Many local writers, including Karen Zey, Claire Pelletier, and I, had benefited from the one-on-one meetings with the library’s Writers-in-Residence, Mark Abley in 2010-11, and David Homel in 2013.
As the library’s first Writer-in-Residence, Mark Abley worked with local writers (both published and aspiring), reading their work and offering valuable critique. He also put together and edited a bilingual collection of 35 local authors’ writings about Pointe Claire, The City We Share / La Ville que nous partageons (Shoreline Press, 2011). I was lucky to be one of writers he mentored during that time, and to have a nature essay, Seasons of the Lake, appear in the collection. Mark has a new collection, The Tongues of Earth: New and Selected Poems, (Coteau Books) coming out this spring.
We had hoped that David Homel, who took up the reins as the library’s second Writer-in-Residence, would be present, but he was unable to attend. During his tenure, he wrote a series of thoughtful posts about writing, all archived on the Library’s blog. He is an award-winning writer and translator, editor, journalist, filmmaker and teacher. His children’s book, The Traveling Circus (Groundwood Books), coauthored with Marie-Louise Gay, is forthcoming in April, 2015.
Section manager Mary Jane O’Neill is one of the Pointe Claire Library’s most valuable resources. Always on the lookout for something new to foster the love of books and literature and to keep the library vibrant, she’s doing an outstanding job! Mary Jane co-organised the library’s Writers in Residence program (Mark was chosen by a board consisting of Pointe Claire library staff, the Conseil des Arts de Montréal, and the Quebec Writers’ Federation). In 2011, she set up a human library event, where people could borrow a living book, as part of the City of Pointe Claire’s100th anniversary celebrations, and she worked with three other libraries to set up OverDrive, a system offering free downloadable eBooks and audiobooks to their adult members.
Thanks so much to the amazing Mary Jane for putting this event together!
The Pointe-Claire Public Library was established as a municipal service in 1965, but the history of the library goes back to the end of World War Two, when the Valois Citizens’ Association established the first library in a tiny wooden cabin in Valois.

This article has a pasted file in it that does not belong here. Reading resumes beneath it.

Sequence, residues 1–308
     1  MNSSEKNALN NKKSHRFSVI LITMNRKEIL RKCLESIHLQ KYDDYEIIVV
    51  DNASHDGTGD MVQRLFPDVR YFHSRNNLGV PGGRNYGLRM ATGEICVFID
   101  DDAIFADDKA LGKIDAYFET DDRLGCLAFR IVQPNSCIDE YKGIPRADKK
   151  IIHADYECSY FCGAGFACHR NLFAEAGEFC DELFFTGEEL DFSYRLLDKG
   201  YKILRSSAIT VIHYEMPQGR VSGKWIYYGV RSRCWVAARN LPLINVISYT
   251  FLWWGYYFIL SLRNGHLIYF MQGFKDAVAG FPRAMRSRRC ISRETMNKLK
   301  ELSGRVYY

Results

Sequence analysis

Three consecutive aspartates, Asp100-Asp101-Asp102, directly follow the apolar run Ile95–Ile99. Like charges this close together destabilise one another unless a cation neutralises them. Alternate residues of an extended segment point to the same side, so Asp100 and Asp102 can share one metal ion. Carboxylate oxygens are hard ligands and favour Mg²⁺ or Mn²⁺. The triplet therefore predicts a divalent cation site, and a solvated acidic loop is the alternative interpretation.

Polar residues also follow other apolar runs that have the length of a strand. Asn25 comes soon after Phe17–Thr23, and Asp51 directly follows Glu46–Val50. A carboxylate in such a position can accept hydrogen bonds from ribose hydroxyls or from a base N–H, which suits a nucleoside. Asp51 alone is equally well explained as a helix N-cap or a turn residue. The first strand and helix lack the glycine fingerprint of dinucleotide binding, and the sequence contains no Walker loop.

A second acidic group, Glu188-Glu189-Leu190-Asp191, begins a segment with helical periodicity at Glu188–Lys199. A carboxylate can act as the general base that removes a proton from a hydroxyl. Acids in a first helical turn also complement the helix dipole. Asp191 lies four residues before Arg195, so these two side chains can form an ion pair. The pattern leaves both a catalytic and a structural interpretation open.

The library offers a huge and varied collection of books, and much more. Throughout the year, cultural activities include readings by both award-winning and emerging writers, and conferences, lectures and films. Also offered are a variety of workshops, from Computers for Seniors, and Family History Research, to Creative Writing with Tim Fain, and knitting and crocheting clubs and more.
Special services include home delivery of books for people with limited mobility or physical disabilities, and large-print books. Then there’s the handy Ask a Librarian service, the career-search database, the Mango Languages database, and a teen space, with work stations, a sofa, and chairs, where teens can read, do their homework or relax at the library.
The library will host many more activities to mark its 50th anniversary this year. Follow the library’s blogs or visit the library in person for more information, to become a member, or just to relax, read a book and enjoy the natural light and marvellous view of the woods from the picture windows.
Address: 100 Avenue Douglas-Shand, Pointe-Claire, QC, H9R 4V1
Phone: (514) 630-1218
Adult Blog: http://pcplblog.wordpress.com/
Teen Blog: http://pcplteens.wordpress.com/